Ave. Delicatessen Inc., 496 F.3d 229, 244 (2d Cir.
2007). This standard requires that the proposed amendment
plead sufficient facts to "state a claim to relief that
is plausible on its face." Bell Atl Corp. v.
Twombly, 550 U.S. 544, 570 (2007). In considering a
motion to dismiss, a district court may consider the facts
alleged in the complaint, "documents attached to the
complaint as an exhibit," and documents incorporated by
reference in the complaint. See Chambers v. Time Warner,
Inc., 282 F.3d 147, 153 (2d Cir. 2002).
determining whether an amendment is futile, the court must
accept plaintiffs factual allegations as true. Medina v.
Tremor Video, Inc., 640 Fed.Appx. 45, 47 (2d Cir. 2016).
A court is however "not bound to accept as true a legal
conclusion couched as a factual allegation."
Ashcroft v. Iqbal, 556 U.S. 662, 678 (2009) (quoting
Twombly, 550 U.S. at 555). Additionally, if the
allegations of a proposed amended complaint are contradicted
by documents made a part thereof, the document controls and
the court need not accept the allegations as true. See
Barnum v. Millbrook Care Ltd. P'ship, 850 F.Supp.
1227, 1232-33 (S.D.N.Y. 1994), aff'd, 43 F.3d
1458 (2d Cir. 1994) (table decision). "The non-movant
bears the burden of demonstrating that the proposed amendment
would be prejudicial or futile." Zucker v. Porteck
Global Servs., Inc., 2015 WL 6442414, at *4 (E.D.N.Y.
Oct. 23, 2015).
purposes of this motion, I consider the facts as alleged in
the PAC and defendant's Exhibit C. The plaintiff
references the Exhibit C documents in his PAC and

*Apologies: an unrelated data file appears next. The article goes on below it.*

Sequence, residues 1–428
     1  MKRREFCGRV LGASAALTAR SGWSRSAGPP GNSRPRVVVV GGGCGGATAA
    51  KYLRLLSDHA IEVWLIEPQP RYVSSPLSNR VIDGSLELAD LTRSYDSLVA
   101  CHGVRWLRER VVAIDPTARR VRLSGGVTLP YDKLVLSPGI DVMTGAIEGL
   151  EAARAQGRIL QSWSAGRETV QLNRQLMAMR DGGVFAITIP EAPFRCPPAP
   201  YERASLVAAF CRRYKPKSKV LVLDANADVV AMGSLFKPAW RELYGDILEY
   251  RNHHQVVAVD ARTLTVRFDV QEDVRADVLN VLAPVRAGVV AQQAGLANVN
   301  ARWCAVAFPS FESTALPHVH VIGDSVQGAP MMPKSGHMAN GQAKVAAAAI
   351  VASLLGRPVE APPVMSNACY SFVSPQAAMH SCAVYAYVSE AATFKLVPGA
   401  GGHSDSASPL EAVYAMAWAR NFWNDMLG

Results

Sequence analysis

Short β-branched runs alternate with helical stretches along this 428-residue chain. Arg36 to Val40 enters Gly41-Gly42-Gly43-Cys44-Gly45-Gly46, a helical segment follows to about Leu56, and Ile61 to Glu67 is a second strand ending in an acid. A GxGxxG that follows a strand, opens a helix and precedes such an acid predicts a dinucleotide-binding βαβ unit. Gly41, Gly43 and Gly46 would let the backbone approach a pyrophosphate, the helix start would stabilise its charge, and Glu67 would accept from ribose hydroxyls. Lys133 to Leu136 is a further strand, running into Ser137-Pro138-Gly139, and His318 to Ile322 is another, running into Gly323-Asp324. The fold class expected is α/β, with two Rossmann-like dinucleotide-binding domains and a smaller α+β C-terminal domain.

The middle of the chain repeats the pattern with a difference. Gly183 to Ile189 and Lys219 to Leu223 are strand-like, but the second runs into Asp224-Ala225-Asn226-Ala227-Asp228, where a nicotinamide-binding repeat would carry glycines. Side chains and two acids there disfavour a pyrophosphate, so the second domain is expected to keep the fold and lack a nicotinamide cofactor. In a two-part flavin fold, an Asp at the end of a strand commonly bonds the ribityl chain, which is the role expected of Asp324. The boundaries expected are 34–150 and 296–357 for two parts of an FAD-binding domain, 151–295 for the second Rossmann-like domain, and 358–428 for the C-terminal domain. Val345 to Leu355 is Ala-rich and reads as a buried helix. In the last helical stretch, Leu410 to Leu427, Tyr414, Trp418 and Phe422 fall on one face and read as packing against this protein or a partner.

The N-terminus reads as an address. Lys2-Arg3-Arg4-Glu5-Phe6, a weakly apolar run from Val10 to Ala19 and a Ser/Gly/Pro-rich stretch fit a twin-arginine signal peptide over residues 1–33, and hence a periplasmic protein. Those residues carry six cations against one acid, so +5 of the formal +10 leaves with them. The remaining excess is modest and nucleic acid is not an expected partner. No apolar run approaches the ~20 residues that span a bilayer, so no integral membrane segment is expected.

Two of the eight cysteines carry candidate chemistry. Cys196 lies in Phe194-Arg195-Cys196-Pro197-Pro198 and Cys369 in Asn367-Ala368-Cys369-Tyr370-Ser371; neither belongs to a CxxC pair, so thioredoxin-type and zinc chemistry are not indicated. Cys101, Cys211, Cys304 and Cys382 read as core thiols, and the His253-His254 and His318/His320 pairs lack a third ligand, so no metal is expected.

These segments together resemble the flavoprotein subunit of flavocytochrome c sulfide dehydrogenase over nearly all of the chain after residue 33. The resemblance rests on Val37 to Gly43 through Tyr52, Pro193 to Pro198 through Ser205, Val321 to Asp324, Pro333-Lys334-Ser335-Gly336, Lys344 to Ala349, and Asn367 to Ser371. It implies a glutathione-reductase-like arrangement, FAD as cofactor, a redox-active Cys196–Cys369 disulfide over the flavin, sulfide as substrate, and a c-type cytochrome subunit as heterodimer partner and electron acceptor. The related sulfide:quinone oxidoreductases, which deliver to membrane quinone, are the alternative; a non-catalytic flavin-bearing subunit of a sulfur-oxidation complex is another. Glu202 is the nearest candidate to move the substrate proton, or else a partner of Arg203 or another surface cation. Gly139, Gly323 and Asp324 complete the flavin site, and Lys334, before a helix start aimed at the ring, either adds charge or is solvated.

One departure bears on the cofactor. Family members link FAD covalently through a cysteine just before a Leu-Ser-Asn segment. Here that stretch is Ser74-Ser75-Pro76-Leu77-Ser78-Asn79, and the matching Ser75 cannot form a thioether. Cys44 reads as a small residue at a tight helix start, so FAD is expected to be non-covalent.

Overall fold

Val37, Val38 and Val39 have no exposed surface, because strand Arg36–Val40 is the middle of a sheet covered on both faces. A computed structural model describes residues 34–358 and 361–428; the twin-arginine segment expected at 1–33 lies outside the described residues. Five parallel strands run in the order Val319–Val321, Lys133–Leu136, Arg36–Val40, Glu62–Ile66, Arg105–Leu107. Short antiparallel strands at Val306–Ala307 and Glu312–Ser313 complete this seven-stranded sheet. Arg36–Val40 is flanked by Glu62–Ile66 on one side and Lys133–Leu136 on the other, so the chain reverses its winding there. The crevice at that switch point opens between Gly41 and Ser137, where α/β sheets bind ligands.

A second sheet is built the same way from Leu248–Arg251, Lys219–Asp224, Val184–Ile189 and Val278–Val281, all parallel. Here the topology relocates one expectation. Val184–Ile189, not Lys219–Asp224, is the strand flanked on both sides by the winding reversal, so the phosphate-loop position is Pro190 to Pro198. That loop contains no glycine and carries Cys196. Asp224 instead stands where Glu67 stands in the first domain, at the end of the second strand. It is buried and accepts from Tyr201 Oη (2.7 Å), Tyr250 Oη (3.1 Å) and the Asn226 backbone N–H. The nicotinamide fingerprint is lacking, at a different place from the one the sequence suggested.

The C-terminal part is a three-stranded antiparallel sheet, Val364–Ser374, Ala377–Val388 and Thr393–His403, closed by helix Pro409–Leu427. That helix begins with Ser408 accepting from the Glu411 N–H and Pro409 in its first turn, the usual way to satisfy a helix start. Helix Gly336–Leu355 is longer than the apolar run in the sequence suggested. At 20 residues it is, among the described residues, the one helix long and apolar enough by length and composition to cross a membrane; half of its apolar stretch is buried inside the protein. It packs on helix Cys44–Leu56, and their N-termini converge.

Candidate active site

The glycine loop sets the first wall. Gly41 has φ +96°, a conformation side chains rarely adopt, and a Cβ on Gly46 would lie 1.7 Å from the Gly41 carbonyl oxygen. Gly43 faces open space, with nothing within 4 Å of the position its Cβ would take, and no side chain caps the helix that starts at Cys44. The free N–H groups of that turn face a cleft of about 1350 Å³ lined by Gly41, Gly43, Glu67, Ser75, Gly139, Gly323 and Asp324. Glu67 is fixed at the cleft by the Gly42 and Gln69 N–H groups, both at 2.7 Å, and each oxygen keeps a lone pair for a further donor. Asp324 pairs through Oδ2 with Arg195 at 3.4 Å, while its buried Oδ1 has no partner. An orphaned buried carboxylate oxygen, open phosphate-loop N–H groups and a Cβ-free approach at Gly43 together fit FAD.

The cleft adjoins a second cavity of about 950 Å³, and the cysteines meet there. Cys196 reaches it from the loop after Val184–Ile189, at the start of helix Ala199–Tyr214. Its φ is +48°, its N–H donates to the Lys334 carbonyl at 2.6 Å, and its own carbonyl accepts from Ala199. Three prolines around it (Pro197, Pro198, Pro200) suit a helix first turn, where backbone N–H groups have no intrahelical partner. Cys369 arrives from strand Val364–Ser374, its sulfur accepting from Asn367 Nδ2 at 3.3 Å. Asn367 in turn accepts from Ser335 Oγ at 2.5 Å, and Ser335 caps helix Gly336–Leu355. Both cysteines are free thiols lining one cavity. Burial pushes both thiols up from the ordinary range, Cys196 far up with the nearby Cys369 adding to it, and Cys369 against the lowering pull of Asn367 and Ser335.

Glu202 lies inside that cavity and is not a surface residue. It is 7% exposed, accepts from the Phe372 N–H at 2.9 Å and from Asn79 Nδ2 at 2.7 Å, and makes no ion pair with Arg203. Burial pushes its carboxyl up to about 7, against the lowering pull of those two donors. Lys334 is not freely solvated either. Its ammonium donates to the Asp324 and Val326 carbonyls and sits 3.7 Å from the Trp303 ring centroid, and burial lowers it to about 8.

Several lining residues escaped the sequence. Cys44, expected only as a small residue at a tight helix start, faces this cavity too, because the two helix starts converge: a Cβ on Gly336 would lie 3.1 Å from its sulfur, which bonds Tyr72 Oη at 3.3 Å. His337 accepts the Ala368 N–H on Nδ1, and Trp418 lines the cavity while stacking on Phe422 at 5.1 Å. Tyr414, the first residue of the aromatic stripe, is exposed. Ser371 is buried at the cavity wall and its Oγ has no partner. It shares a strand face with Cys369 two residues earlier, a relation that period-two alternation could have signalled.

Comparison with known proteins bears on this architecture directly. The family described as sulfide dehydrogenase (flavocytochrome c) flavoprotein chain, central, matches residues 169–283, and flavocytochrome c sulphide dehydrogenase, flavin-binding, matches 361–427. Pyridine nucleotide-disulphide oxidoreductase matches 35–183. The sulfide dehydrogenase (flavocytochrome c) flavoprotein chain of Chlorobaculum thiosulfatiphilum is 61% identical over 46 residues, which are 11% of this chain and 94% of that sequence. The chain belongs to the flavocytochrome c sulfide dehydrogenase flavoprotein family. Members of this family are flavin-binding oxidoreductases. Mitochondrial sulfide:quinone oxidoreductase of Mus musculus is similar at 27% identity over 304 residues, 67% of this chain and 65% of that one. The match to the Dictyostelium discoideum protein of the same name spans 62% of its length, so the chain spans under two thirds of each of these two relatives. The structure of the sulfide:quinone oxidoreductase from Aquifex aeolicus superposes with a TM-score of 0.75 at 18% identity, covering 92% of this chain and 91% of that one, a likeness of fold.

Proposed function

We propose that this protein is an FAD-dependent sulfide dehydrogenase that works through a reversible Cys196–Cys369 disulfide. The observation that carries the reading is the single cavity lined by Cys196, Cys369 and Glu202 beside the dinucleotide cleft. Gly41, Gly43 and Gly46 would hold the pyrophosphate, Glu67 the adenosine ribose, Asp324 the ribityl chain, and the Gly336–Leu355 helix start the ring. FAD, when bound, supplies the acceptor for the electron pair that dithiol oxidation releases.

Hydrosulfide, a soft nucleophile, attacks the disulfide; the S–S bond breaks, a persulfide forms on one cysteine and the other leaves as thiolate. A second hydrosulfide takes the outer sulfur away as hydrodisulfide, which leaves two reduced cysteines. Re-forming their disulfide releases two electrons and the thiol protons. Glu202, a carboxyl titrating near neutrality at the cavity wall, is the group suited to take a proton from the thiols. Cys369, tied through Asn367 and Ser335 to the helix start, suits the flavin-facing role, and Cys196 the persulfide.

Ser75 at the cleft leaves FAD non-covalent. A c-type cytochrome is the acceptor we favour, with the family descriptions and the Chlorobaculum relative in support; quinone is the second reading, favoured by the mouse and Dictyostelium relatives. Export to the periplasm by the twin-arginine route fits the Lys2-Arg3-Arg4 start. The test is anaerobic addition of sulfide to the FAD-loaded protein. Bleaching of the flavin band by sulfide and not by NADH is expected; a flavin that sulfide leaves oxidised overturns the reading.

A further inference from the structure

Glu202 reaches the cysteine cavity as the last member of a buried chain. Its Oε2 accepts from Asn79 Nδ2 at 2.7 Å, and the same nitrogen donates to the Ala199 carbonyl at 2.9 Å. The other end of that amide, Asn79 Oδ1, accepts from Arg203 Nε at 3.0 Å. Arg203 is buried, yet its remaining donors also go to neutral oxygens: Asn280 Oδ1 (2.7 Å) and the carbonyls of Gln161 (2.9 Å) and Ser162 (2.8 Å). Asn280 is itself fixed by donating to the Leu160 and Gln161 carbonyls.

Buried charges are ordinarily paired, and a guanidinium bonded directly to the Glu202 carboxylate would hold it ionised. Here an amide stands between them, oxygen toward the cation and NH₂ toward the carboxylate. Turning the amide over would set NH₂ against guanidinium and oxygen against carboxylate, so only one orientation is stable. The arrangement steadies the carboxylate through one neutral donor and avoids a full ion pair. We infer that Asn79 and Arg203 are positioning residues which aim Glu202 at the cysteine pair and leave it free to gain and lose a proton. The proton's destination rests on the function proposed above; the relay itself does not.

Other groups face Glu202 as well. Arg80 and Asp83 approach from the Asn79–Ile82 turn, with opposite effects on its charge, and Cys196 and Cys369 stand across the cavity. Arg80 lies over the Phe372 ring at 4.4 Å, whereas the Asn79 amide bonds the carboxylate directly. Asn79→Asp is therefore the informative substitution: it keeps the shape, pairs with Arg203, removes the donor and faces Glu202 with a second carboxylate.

acknowledges their authenticity. I do not consider the copies
of the documents maintained on file with defendant because
the PAC does not reference those documents.
York Real Property Law § 291 provides that a conveyance
of real property, within the state, may be recorded "on
being duly acknowledged by the person executing the same, . .
. and such acknowledgment or proof duly certified when
required by this chapter." N.Y. Real Prop. Law §
291. Section 298 of the same chapter provides that
acknowledgment or proof of a conveyance of real property may
be made by a notary public. Id. at § 298. When
read together, the condition relevant here is that a
conveyance of real property may be recorded when signed by
the party executing the conveyance and acknowledged by a
central assertion in the PAC is that the 2005 CEMA and the
2005 Consolidated Mortgage are invalid as to plaintiff
although they were recorded in the public registry and
plaintiff actually reviewed them prior to his purchase of the
property. Plaintiff advances two arguments in this regard.
he argues that he did not have proper notice of the 2005 CEMA
and 2005 Consolidated Mortgage because the versions of the
documents viewable by him in the public record did not show
the identifying information of the notary public who
acknowledged McKenzie's signature. While a scribbled
signature appears in the notary blocks on the 2005 CEMA and
2005 Consolidated Mortgage, the notary's printed name,
notary number, county of qualification, and date of
commission expiration do not appear. Plaintiff pointedly
declines to make a claim that there is anything wrong with
the notarizations on the underlying documents.Rather, the
allegation is that, because plaintiff could not ...